Introduction to the current issue of Zman (Nissan 5773)
The True Master of Disguise
My mind is still reeling from this month’s cover story. In it, we detail how a CIA agent, armed with the most advanced spying equipment, crawled through the catacombs beneath the Kremlin to place a listening device that monitored Soviet activity during the Cold War. As this was happening, the subject of our cover story — Tony Mendez, the “master of disguise” — was overseeing an incredible body-double “exfiltration” at a gala Moscow event to help two Soviet spies escape to America under the noses of the KGB.
And this is only one of his amazing stranger-than-fiction operations.
Disguise — what a perfect theme heading into Pesach. Pesach reminds us that everything in our lives is ultimately manipulated behind the scenes by the true Master of Disguise. Our challenge is to realize it even today, even in current events that seem to run of their own accord.
As of this writing, Israel is locked in heated negotiations over the makeup of the next government. At stake is nothing less than the identity of the Jewish state, epitomized by the issue of forced conscription of yeshivah students.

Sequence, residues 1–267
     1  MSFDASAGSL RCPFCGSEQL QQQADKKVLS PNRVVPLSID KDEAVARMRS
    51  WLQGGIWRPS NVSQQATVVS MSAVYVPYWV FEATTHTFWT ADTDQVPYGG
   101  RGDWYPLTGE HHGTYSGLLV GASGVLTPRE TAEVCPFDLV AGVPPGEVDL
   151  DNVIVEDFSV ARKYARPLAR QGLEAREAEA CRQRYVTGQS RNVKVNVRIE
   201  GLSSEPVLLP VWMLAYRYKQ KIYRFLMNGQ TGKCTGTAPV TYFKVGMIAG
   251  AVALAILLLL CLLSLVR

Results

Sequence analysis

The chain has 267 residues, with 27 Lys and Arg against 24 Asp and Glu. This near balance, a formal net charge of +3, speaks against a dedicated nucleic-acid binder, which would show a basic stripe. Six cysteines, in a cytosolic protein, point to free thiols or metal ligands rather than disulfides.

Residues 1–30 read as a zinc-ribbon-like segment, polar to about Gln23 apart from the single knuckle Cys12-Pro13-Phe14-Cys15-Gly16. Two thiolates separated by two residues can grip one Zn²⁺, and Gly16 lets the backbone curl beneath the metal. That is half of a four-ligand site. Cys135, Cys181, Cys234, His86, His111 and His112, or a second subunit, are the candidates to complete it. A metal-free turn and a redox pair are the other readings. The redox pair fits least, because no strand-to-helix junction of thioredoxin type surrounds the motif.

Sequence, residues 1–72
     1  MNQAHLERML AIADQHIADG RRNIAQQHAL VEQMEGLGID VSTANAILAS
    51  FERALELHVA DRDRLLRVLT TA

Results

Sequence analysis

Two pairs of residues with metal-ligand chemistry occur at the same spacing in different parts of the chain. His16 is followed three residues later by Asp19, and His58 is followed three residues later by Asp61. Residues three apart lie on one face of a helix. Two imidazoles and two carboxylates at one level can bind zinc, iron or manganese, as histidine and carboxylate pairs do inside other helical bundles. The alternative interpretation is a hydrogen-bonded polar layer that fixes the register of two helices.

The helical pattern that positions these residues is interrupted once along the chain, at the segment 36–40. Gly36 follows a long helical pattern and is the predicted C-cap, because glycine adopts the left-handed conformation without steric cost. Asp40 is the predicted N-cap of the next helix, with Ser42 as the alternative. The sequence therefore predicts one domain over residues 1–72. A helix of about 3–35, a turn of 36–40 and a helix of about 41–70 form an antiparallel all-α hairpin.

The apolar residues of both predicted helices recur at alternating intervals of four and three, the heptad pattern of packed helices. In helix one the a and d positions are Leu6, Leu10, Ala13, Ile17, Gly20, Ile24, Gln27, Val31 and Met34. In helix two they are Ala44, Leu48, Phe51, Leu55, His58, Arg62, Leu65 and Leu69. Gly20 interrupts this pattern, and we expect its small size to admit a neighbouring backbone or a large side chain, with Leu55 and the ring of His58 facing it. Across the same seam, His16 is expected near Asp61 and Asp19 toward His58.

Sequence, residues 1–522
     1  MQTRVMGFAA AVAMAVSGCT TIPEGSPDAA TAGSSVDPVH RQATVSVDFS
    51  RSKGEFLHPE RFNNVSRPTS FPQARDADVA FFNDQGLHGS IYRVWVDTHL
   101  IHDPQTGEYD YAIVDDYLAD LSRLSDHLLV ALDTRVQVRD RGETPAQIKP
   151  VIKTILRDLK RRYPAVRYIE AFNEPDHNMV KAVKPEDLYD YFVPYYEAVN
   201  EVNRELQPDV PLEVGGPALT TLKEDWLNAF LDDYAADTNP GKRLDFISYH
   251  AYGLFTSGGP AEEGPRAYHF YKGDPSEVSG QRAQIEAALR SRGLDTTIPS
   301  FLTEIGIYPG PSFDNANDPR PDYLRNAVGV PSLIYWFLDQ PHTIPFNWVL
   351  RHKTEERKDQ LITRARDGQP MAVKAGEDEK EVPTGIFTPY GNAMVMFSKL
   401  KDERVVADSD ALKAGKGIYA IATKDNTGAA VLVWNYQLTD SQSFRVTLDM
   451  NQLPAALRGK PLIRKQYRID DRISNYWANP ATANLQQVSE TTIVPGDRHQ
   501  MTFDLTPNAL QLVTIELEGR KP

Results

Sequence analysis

In a recent shiur, Rabbi Yosef Viener emphasized how extremely dangerous this decree is and yet how difficult it is to explain to the average secular Israeli that the reason his country is still in existence is because the limud haTorah is generating tremendous zechusim. How does a Saddam Hussein fire 39 SCUD missiles into civilian areas and not one person is killed? How is it that war after war, incoming missiles cause relatively minor damage? How has a tiny nation been able to survive in a sea of hostile nations a thousand times its size?
The answer is that there is a Hidden Hand involved. There is a Master of Disguise pulling the strings behind the scenes.
How do we merit His help? Through Torah learning and its support. There is more Torah being learned now in Eretz Yisrael than at any time since the time of the Gemara. That zechus has enabled the miracle of Eretz Yisrael to continue.